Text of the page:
Bottom line, the board needs to issue a firm ‘no’ and declare we’re going forward and using equal consideration, not equity, as our standard. As a city, we’re not going to move into the past, we’re not going back to the days of racial discrimination or even Jim Crowe.

    In practice, racial preferences and set-asides are what have become of “the Dream” now that people have been called on to compete on the content of their character. Please, ask these racists what happened to “the Dream”?

    Despite whatever impassioned pleas That she suggests this is preposterous.

    Despite her seeming desire to fight a race war in her own mind, Copeland’s girls do not “need a guard around them.” The suggestion is preposterous. Camas is not Little Rock in 1957.

    We’re a decade past the election an African American president, and our legislative bodies are full of minorities. In fact, our own Congressional district is represented by a woman minority.

    Race, for some, has become a gravy train, not a long-forgotten remnant of the past. Let’s not create problems where they do not exist.

    I also want to point out that despite our living in a district represented by a minority Congresswoman, Copeland’s statements about how there are no women in Camas to whom her children can look up was fundamentally racist. It was also denigrating and dismissive of the other women that live here. All Copeland seems able to see is race. I don’t know, maybe she’s living in an Ebony/BET dominated world. For the rest of us, we respect people without regard to color and expect others to do the same.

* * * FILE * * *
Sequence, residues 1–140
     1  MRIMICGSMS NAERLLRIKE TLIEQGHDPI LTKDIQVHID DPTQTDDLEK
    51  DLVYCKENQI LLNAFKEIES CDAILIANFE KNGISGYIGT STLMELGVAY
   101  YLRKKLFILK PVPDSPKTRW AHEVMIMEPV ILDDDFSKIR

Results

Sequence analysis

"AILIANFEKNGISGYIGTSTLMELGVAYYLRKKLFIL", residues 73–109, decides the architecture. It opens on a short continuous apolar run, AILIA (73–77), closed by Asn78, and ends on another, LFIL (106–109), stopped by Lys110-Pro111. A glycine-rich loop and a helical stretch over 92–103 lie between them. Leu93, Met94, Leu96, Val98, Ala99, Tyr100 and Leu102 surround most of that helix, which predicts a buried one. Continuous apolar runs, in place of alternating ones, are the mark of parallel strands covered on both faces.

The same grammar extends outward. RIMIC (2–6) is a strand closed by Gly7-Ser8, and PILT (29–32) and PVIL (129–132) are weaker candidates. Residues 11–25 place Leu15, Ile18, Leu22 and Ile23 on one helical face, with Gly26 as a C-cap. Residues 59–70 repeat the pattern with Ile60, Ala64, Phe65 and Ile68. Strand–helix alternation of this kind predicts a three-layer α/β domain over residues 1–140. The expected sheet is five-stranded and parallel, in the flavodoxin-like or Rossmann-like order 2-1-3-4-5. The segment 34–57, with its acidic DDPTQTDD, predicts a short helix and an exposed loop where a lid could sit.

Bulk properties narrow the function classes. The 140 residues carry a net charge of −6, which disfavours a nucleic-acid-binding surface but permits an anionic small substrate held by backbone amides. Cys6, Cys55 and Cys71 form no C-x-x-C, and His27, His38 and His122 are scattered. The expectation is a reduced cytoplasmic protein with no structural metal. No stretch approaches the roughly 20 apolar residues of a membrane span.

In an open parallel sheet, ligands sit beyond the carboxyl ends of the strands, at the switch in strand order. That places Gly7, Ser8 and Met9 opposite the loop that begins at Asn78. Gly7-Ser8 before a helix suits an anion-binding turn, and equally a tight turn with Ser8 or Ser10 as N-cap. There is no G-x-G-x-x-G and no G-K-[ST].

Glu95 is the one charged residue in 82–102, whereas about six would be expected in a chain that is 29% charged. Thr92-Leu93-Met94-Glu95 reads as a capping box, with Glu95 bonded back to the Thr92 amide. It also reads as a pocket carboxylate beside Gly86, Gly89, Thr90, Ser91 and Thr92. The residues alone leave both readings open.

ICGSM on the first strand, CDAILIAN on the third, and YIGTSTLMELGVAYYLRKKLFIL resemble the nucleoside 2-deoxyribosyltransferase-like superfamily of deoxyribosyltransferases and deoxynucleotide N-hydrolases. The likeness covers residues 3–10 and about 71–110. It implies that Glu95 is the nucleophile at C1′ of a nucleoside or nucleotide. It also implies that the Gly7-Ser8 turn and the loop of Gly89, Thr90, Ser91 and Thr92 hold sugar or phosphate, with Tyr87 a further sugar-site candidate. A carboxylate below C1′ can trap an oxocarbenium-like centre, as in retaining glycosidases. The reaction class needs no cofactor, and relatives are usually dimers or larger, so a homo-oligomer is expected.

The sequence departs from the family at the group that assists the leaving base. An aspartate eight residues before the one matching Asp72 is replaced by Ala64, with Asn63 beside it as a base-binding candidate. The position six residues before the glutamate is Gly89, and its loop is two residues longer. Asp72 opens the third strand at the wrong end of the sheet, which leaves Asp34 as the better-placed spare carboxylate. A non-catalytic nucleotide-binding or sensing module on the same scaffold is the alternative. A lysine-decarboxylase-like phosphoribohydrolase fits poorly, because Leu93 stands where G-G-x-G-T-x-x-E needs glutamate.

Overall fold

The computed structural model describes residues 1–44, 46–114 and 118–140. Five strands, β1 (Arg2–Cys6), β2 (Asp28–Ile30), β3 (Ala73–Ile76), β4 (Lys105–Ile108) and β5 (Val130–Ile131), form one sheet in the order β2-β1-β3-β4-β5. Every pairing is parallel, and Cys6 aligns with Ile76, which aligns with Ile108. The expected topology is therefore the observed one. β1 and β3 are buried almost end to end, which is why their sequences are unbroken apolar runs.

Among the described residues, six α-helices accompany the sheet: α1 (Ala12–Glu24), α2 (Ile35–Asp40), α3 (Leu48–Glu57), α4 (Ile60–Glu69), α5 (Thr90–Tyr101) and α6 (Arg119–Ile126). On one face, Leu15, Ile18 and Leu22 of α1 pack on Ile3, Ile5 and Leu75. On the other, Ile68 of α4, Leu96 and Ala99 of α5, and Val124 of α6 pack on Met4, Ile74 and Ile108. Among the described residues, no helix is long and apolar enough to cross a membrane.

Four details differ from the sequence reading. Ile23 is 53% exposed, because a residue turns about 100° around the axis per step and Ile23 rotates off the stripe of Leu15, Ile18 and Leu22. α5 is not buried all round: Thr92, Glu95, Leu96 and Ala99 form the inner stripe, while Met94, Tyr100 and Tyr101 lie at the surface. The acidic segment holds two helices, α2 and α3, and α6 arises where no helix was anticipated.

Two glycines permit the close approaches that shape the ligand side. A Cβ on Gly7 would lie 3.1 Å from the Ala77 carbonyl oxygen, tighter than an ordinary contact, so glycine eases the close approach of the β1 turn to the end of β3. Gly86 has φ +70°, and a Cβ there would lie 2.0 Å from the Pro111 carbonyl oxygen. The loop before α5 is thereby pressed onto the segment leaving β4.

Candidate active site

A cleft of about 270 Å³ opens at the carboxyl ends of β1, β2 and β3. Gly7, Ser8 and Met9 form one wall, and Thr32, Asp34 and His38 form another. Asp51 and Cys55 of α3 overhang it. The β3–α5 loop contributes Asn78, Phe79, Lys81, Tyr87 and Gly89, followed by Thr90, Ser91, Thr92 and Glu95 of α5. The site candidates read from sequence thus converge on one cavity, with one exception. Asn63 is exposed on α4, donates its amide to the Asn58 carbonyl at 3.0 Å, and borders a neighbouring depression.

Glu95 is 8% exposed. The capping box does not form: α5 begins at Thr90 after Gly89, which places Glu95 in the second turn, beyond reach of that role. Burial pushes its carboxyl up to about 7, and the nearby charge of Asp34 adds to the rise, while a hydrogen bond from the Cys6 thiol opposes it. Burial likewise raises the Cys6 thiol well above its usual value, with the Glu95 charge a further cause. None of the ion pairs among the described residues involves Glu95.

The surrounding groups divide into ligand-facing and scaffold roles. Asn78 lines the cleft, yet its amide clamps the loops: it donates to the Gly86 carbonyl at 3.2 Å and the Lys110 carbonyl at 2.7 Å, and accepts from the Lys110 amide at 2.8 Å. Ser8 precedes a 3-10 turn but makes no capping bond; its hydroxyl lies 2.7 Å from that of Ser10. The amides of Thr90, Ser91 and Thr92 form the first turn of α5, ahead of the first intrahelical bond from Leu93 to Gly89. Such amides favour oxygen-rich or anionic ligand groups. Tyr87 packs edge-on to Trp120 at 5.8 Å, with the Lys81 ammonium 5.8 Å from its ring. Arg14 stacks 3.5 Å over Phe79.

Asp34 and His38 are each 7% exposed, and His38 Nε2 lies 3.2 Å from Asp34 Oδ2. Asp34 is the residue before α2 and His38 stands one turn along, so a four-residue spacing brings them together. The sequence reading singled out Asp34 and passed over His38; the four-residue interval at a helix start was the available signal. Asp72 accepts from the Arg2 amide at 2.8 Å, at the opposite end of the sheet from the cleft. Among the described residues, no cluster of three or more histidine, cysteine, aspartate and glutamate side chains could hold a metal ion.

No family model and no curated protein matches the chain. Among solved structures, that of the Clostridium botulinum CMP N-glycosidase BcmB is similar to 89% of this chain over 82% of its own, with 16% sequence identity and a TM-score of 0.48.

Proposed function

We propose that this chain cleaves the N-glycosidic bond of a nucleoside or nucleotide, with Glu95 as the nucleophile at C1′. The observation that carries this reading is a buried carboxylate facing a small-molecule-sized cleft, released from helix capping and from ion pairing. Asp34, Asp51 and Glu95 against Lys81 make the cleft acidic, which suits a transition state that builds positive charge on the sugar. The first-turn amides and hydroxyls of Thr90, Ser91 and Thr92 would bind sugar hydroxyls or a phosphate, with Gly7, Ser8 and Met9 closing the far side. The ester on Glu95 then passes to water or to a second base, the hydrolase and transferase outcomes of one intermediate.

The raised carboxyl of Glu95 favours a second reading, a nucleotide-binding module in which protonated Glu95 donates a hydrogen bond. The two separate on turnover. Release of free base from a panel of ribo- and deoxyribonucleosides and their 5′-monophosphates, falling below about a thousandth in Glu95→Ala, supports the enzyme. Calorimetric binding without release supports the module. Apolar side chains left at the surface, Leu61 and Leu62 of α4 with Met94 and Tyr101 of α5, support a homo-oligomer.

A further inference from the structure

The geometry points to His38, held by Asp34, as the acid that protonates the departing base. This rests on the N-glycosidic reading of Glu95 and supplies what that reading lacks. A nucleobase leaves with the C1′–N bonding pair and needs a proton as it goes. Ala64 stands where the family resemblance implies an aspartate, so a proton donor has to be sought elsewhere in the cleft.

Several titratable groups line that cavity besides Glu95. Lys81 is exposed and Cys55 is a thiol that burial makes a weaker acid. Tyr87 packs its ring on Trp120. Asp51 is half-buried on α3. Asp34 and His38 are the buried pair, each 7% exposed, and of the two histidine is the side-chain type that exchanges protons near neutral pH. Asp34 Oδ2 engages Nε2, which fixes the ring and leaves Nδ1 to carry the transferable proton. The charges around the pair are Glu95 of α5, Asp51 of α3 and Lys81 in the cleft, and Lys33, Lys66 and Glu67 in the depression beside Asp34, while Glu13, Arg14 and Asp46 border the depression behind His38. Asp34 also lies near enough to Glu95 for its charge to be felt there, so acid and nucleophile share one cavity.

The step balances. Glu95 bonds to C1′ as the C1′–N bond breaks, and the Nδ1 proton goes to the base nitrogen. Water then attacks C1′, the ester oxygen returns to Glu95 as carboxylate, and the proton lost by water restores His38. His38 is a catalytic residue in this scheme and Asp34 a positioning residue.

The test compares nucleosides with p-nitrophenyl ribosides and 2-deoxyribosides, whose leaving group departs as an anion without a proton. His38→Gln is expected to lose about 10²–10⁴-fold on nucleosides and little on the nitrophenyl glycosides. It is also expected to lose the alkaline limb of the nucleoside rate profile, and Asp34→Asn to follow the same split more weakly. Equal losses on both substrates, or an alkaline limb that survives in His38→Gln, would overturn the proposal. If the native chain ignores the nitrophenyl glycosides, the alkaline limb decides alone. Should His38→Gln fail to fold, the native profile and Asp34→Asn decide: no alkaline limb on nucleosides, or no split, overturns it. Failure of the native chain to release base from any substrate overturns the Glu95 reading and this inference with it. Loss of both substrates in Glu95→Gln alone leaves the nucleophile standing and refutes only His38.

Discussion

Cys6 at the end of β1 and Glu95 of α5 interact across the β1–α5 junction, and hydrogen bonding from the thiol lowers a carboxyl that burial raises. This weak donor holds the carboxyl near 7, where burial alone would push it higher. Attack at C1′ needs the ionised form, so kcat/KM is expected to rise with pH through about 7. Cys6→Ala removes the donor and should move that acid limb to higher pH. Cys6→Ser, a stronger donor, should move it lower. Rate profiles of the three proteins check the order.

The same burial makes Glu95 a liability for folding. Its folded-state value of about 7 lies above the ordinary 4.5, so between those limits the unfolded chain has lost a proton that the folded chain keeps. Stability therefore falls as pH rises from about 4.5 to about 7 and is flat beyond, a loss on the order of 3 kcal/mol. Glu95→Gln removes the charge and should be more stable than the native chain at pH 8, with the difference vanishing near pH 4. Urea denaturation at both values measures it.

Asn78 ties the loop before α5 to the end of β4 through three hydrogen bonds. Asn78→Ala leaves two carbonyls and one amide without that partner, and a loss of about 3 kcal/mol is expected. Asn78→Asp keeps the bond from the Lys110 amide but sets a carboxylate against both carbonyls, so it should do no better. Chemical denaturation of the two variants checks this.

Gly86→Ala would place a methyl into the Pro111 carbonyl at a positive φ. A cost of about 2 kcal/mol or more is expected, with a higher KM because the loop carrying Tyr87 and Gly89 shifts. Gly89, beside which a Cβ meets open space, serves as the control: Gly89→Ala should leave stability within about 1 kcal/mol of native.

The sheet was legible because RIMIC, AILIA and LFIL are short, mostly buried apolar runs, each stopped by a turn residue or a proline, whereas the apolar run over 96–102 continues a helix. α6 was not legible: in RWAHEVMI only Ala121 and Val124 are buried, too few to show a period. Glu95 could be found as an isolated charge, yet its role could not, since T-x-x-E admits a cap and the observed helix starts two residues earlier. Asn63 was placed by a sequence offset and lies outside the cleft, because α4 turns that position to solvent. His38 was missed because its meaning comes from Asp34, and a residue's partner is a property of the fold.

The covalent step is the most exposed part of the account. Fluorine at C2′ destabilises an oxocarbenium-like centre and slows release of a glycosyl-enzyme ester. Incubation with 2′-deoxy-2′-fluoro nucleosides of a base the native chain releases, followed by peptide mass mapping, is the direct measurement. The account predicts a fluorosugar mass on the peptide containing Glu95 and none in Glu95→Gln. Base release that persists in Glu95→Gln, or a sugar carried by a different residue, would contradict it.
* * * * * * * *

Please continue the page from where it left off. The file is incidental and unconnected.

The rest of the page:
Camas is a content of their character type world. It’s not time to go backward to a world of racial bias.

  2. Kevin Sudbeck
    Kevin Sudbeck says:

    I have to agree with Beau. An Equity Policy is not needed or in my family’s case wanted. My younger son is Hispanic, he did not encounter any issues while at Camas High School and participated in STEM AP courses, plus Football and Track. My younger daughter is black. She encountered a bully her freshman year at Hayes Freedom. But the situation was adequately addressed by the staff and she has enjoyed her time there since. She is a now a junior on ASB and has not experienced any issues and finds the school enjoyable. My daughter routinely walks home from school without incident. A friend is a Camas Police Officr who mentions to us when he sees our daughter walking home, as they patrol that area after school lets out to ensure our kid’s safety. This much ado about nothing.

  3. Kevin Sudbeck
    Kevin Sudbeck says:

    Also, if this is such an issue. Why hasn’t Mark Gardner or Hayes Freedom HS notified the parents of Black Children of this risk to our children? We have received no such notifications. Time to call Hayes Freedom HS and CSD.